Dry needling seems like something out of a horror film. However, dry needling is one of the most powerful modalities in treating soft tissue dysfunction. Let’s clear up any differences or misconceptions you might have about dry needling and get right to the point.
What is dry needling?
Dry needling involves the insertion of small needles into specific trigger points to relieve muscle pain. The needles are introduced into the skin and tissues, being threaded in and out of your muscles for relief. Dry needling is a unique procedure intended to explicitly target and rebuild muscle function, with an emphasis on improving tissue repair and reestablishing normal tissue function. Therapists do one of two things: leave the needles in for up to 15 minutes or “thread” them in and out of the trigger point. Typically, the therapy protocol is around four to six visits over the course of two to three weeks.
How big are the needles?
Dry needling requires thin filiform needles. They are remarkably thin, similar to what you might expect to see used in acupuncture.
Does it hurt?
Although it doesn’t sound like it, dry needling is an in effect non-invasive procedure that is very low risk and any discomfort will be fleeting. Generally, the insertion of the needle is not felt. There may be a local twitch response or an immediate slight contraction of the muscle that may provoke a very brief pain response. Dry needling is commonly described as an aching, tingling or cramping sensation with some muscle tenderness may be felt up to 24-48 hours after the procedure. Applying heat or ice and drinking plenty of fluids ordinarily reduces any soreness.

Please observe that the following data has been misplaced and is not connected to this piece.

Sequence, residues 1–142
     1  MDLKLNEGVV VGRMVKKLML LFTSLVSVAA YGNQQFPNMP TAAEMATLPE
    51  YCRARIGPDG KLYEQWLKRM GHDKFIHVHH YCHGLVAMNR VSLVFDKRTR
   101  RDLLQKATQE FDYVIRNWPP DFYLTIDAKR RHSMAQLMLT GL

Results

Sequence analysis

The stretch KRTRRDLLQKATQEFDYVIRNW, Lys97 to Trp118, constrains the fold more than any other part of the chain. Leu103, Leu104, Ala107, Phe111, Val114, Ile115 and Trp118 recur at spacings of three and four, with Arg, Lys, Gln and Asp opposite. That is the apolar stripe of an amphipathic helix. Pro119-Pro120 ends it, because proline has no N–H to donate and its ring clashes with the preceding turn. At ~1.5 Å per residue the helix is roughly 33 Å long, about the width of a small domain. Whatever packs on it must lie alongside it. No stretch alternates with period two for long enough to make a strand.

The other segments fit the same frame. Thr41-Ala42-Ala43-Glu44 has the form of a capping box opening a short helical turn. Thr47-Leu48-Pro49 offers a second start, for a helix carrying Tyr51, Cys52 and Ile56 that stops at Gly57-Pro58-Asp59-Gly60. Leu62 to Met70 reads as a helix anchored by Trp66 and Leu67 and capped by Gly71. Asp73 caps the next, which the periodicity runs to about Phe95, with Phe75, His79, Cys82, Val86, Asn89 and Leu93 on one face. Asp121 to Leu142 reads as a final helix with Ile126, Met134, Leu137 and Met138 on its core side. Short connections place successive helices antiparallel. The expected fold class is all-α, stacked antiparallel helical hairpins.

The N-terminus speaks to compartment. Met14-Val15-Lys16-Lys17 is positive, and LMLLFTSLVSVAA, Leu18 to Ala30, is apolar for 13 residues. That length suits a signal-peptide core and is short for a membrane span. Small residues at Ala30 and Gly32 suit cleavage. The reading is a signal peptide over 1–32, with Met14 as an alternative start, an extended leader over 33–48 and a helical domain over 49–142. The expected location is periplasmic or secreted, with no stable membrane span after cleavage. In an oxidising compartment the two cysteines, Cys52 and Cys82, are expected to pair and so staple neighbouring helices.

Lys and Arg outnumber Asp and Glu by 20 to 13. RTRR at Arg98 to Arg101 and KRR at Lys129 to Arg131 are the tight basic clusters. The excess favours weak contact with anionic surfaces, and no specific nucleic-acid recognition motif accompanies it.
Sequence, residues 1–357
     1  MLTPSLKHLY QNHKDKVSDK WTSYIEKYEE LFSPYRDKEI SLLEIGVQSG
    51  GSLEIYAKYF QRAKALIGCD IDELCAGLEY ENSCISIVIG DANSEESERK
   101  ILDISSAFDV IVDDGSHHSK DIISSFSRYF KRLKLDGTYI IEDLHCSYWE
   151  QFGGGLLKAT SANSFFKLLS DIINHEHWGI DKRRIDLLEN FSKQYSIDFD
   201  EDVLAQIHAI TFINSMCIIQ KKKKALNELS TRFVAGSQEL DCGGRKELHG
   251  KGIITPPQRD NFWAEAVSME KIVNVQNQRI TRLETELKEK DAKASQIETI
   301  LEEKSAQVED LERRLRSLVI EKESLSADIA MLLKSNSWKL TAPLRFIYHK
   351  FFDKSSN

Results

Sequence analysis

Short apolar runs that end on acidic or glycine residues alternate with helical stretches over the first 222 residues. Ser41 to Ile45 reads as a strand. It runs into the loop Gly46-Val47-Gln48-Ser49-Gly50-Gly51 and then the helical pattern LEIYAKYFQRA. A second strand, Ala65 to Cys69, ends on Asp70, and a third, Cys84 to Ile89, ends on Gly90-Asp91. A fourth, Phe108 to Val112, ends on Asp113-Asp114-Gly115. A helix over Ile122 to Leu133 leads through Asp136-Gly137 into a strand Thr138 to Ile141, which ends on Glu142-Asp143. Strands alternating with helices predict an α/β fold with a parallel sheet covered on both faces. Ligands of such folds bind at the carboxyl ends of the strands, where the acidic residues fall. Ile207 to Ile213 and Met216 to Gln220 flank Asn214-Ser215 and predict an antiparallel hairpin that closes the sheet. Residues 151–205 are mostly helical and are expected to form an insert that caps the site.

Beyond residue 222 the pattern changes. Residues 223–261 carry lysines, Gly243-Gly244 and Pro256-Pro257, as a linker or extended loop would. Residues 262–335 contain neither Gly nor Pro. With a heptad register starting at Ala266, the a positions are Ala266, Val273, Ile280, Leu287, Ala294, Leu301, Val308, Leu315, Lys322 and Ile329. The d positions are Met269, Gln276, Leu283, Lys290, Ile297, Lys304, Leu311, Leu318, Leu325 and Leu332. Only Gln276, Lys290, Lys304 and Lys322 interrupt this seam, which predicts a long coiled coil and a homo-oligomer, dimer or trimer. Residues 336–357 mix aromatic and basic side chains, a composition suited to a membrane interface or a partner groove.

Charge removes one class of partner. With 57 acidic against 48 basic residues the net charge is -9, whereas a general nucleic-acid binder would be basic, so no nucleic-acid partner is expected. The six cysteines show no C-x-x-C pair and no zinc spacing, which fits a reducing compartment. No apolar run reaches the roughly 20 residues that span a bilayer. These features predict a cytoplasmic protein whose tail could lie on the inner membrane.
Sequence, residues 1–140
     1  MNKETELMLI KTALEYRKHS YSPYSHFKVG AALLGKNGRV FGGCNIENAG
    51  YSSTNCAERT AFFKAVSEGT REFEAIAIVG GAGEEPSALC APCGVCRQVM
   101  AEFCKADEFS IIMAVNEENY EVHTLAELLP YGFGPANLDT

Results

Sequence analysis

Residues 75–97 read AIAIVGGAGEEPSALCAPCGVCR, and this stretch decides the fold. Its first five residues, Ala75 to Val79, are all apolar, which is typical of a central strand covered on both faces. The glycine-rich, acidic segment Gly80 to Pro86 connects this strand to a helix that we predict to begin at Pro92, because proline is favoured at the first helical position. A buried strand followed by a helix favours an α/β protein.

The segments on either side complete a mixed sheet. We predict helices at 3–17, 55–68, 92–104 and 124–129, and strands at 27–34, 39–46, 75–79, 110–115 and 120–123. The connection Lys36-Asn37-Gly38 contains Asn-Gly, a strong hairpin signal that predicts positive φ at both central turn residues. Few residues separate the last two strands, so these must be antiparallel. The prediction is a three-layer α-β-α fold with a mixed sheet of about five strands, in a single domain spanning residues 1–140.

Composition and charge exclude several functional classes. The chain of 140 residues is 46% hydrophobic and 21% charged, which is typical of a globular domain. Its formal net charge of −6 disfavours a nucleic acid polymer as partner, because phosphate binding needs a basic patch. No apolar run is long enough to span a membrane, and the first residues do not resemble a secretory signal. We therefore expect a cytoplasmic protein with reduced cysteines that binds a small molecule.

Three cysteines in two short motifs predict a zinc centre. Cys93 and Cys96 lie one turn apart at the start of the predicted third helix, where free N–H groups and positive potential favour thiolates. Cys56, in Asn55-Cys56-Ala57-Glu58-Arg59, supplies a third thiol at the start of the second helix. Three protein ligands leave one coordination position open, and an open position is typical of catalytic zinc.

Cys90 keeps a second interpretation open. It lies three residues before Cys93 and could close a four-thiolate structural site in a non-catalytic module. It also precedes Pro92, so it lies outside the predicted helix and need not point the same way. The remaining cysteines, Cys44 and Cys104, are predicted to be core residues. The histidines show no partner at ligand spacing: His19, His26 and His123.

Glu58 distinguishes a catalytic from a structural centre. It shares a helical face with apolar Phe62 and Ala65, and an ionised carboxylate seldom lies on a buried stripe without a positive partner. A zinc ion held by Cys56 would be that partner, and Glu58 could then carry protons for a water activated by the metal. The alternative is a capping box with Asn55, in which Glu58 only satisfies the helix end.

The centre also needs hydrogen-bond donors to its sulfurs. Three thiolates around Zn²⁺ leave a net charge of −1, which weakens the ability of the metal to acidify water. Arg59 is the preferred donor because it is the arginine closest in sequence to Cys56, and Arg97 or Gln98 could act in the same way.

What is the difference between acupuncture and dry needling?
To keep the explanation simple, acupuncture is an ancient Chinese medicine that involves needles that are inserted at certain acupuncture points, predominantly found along meridian lines. The basic treatment philosophy is based on the concept of balance and maintaining the free flow of electricity within the body. Needles are inserted and retained for around 15 to 30 minutes. Acupuncture may elicit a slight achy sensation on insertion which swiftly goes away right after treatment and is often defined as calming.
While acupuncture is around 2,000 years old, dry needling although new, having only been developed into the form we use today in the 1980s. A twitch response invoked by a needle releases the trigger point and restores normal function to the muscle.. Dry needling can produce quite a strong sensation which can cause a twitch and/or a cramp sensation.